The most controversial execution method he used was impalement, which led both to his nickname “The Impaler” and unfounded rumors and legends. A large number of these false legends, allegedly attributed to him were spread by Vlad’s enemies. 


Contradictory sources estimate that Vlad impaled a number of 40.000 people, including war victims. Transylvania World specifies that during Vlad’s “reign of impalement”, Europe was ruled by the Inquisition. This group of institutions caused considerably more horrific atrocities, among their victims being some of the most important scientists and literates of all time such as Galileo Galilei or Bruno Giordano (who was burned at the stake).[16] [17]

Transylvania World focuses on Vlad the Impaler’s stout character and strong personality, mentioning that a threat of the Ottoman Empire’s magnitude could not have been dealt with without a leader with the Romanian lord’s qualities. His stiffness and assuredness which led to the controversial executions were key elements for his part in saving Europe from the Ottoman menace.

On global level, Vlad the Impaler is frequently associated with the fantastic character Dracula, mainly because of Bram Stoker’s novel in which the main character is similar to the Romanian leader.

Vlad’s brilliant mind and sturdy personality are part of Dracula’s characteristics, the book mentioning as well the House of Drăculești and the Romanian leader’s bravery. Stoker also found inspiration in the Order of the Dragon clothing. Vlad’s apparel, just as Dracula’s, was extremely elegant, predominantly red with a black cape upon which the crest was embroidered. According to Bram Stoker, alongside Vlad the Impaler, his inspiration was drawn from the Transylvanian legends and superstitions.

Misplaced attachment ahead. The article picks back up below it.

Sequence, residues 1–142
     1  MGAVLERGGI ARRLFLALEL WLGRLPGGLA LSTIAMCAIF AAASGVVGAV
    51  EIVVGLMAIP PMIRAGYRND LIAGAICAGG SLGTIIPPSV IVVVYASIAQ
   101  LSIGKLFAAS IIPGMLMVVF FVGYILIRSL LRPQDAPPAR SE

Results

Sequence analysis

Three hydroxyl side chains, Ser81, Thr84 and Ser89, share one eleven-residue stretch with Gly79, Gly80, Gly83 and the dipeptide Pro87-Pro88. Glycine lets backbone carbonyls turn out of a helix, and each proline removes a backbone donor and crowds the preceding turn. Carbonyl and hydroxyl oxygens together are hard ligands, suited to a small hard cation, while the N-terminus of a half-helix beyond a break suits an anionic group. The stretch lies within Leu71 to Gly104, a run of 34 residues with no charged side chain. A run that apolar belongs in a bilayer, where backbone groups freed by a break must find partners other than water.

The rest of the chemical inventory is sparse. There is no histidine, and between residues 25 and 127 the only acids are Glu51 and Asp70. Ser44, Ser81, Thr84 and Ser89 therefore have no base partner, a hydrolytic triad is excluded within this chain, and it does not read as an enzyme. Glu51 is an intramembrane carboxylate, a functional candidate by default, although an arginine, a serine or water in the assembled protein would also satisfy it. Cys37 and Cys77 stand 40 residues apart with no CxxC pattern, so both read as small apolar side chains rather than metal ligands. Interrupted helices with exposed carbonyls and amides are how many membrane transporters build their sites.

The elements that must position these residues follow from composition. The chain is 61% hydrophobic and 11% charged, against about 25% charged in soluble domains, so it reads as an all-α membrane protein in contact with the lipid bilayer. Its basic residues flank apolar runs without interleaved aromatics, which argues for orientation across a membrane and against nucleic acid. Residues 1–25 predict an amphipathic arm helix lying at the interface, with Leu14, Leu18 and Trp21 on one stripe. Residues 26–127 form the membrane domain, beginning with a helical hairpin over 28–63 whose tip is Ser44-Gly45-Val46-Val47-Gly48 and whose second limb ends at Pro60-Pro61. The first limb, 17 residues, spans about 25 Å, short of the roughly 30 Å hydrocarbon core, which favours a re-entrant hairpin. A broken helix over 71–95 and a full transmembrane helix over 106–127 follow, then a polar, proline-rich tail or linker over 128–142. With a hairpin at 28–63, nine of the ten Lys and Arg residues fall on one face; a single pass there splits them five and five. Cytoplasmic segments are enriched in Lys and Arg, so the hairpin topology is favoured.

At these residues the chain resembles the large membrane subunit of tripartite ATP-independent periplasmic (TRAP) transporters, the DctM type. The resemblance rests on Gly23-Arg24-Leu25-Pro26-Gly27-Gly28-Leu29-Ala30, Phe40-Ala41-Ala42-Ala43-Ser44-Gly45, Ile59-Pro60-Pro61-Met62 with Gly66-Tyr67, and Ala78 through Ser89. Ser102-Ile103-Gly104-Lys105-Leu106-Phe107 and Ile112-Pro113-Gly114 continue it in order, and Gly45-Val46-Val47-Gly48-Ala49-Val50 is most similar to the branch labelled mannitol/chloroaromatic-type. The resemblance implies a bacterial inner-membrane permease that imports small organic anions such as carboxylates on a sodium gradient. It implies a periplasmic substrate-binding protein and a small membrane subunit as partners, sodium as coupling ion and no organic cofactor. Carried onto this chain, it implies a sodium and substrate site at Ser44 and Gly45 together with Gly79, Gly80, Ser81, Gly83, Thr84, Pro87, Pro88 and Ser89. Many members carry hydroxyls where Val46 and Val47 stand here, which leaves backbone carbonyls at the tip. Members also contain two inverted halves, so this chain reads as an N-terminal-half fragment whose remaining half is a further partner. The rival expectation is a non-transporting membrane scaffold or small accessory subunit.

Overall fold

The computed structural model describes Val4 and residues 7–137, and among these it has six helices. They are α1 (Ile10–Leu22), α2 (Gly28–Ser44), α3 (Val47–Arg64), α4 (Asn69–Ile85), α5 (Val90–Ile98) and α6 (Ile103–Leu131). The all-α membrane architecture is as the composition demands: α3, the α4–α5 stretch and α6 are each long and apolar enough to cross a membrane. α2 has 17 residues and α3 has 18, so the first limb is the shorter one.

An essential aspect is the fact that Vlad the Impaler never lived in the popular Transylvanian Bran Castle. The author simply found inspiration from its architecture and emplacement.

Vlad’s residence was at Curtea Domnească, Târgoviște; the medieval ansamble of fortified buildings being well preserved up to this day. Another medieval fotress (its purpose being a hideaway), sursăed to Vlad is the well-known Poienari, located on the Transfăgărășan – the road which stretches between the highest peaks in the Romanian Carpathians.[18] [19] [20] [21] [22]

The most important fortress related to Vlad the Impaler is his place of birth, Sighișoara, the famous medieval old town being fully conserved and part of the UNESCO heritage. Sighișoara represents a first class tourist destination where medieval gothic manifestations are being held.[23] [24]

Vlad the Impaler is introduced by Transylvania World as a key element of the Transylvania brand, due to his historical significance, his connections with the supernatural and not least due to the majestic medieval aura surrounding him.

 

Note: The Transylvania World concepts are an essential part of the association brand and their usage has to quote the source and reference this website.